Thursday, 4 December 2014

Gut dysbiosis in treated coeliac disease: time for a probiotic or worse?

"Our findings indicate that dysbiosis of microbiota is associated with persistent gastrointestinal symptoms in treated celiac disease patients and open new possibilities to treat this subgroup of patients."

That was the summary of the paper published by Pirjo Wacklin and colleagues [1] who looked at the bacterial constitution of the duodenal microbiota [the bacteria which inhabit us] in a small group of participants diagnosed with coeliac (celiac) disease who "had been following a strict GFD [gluten free diet] for several years and had restored small bowel mucosa and negative celiac autoantibodies." Based on an analysis of bowel symptoms recorded using the Gastrointestinal Symptom Rating Scale, researchers reported that despite the use of a gluten free diet - universally indicated for coeliac disease (CD) - a proportion of their cohort still presented with "persistent symptoms" and it is within this cohort they were aiming to see whether: "abnormal intestinal microbiota may be associated with persisting gastrointestinal symptoms in treated celiac disease patients."
I'm applying for a villain loan. I go by the name of Vector.

"The treated patients with persistent symptoms had a higher relative abundance of Proteobacteria (P=0.04) and a lower abundance of Bacteroidetes (P=0.01) and Firmicutes (P=0.05)." That and "their microbial richness was reduced." All of this led authors to conclude that for some with CD, a gluten free diet might just be the start of a management schedule to alleviate symptoms and improve quality of life.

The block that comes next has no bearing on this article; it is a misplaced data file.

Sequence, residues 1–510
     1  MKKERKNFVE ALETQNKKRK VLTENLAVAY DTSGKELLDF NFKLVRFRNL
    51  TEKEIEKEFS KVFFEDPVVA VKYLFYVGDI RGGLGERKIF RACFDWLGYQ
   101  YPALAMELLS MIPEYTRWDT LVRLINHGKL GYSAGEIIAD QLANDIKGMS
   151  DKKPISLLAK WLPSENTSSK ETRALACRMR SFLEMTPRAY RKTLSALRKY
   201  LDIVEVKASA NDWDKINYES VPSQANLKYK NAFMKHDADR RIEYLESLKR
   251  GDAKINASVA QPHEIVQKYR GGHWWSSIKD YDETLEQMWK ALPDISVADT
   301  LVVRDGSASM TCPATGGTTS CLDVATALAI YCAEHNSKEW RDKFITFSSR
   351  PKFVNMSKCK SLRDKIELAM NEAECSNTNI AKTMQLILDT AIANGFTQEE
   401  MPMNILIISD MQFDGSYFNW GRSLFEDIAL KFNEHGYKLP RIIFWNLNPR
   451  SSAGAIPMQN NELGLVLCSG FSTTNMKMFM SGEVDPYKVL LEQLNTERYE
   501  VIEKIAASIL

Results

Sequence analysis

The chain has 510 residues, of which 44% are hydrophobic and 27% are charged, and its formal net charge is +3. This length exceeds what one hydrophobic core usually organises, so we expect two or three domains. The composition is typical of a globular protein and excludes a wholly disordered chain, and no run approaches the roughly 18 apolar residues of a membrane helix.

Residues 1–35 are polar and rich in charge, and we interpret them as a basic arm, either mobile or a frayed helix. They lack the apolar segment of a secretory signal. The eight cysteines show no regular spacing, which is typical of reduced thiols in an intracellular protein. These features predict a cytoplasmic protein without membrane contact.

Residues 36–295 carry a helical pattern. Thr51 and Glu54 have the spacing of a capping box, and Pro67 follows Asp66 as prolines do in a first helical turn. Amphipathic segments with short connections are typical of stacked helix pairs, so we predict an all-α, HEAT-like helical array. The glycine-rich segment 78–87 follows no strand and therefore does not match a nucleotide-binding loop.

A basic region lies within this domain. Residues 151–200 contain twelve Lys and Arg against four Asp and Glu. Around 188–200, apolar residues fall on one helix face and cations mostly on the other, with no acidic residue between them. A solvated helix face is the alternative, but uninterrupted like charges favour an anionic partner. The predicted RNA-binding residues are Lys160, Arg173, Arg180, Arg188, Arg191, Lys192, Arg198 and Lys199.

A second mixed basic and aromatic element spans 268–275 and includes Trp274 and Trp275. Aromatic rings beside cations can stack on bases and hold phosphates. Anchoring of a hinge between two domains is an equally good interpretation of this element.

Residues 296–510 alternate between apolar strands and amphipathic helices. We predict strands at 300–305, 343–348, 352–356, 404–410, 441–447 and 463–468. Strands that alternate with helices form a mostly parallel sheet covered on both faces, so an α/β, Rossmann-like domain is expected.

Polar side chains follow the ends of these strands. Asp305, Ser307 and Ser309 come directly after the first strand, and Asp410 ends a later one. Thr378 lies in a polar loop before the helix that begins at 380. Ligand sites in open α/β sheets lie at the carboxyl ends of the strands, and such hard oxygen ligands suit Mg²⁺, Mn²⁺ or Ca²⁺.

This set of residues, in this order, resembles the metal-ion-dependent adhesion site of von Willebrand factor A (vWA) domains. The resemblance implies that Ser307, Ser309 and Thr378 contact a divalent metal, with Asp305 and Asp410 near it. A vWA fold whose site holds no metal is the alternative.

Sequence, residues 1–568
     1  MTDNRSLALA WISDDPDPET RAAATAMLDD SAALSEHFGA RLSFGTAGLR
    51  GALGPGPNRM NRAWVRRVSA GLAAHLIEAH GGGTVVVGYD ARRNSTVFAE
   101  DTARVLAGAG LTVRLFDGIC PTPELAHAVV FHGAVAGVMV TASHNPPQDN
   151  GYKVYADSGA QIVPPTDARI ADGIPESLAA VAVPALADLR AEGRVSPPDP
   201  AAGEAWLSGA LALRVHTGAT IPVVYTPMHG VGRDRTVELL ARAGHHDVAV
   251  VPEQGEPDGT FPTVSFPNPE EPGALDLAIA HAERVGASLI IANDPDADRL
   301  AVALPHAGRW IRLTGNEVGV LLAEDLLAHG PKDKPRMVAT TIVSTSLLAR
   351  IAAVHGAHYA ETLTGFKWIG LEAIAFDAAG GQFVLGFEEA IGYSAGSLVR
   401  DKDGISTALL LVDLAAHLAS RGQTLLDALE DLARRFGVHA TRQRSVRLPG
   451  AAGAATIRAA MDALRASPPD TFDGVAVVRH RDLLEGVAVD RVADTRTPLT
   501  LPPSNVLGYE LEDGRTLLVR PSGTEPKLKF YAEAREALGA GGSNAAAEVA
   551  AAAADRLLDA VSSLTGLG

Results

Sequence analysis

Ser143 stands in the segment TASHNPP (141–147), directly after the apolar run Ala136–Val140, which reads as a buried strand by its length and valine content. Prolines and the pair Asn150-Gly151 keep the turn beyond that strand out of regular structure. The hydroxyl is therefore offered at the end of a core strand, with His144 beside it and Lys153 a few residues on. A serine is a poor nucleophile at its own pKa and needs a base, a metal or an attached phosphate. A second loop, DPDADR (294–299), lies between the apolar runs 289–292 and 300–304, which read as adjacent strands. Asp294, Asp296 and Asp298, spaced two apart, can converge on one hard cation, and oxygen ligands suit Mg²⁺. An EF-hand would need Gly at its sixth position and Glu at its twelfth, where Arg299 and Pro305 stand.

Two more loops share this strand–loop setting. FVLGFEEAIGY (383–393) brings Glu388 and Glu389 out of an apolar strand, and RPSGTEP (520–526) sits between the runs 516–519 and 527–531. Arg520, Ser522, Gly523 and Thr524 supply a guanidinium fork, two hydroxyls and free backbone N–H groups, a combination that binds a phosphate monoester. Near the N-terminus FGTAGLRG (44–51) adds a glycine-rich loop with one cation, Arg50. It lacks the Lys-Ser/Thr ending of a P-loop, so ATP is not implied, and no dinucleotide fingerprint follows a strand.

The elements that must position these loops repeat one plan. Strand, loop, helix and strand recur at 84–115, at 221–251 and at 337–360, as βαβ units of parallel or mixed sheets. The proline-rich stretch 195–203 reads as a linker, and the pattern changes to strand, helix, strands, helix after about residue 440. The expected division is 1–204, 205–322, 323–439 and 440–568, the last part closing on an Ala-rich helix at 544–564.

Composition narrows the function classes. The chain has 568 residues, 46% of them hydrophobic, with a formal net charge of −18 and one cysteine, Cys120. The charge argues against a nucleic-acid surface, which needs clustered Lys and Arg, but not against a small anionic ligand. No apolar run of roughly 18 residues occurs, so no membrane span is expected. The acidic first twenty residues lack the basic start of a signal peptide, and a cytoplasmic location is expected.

This is not the first time that CD (both treated and untreated) has been discussed with the gut microbiome in mind. The paper from De Palma and colleagues [2] (open-access) hinted that there may be more to see based on analyses of fecal samples for IgA-coated bacteria compared to results from asymptomatic controls. Granted the results do not directly overlay with the recent Wacklin findings but it's a start at least. Likewise the paper from Sellitto and colleagues [3] (open-access) (covered in a previous post on a sister blog) might also be pertinent to add to the discussion with their findings of "significant differences between the developing microbiota of infants with a genetic predisposition for CD and those from infants with a non-selected genetic background." I might add that the delayed introduction of gluten bit to their paper has not seemingly been borne out by subsequent larger scale research (see here).

Then to the next question leading from the Wacklin results: do issues with gut bacteria mean that altering gut bacterial communities might be an intervention option? Well, one might certainly consider something like the use of probiotics to try and 'change' the bacterial make-up as a possibility. Indeed, type 'probiotics and celiac disease' (non-UK spelling) into PubMed and you get an array of papers talking about how probiotics might already have a role for some with CD. I've previously talked about the paper from Sarno and colleagues [4] on this blog (see here) and "a novel effect of probiotics in the prevention of undigested gliadin peptides toxic effects". Tomorrow on this blog, I have a post scheduled tomorrow about the paper from Duar and colleagues [5] on probiotics potentially degrading gluten peptides. One might also entertain the possibility that certain probiotics might also affect related systems such as abnormal intestinal permeability too...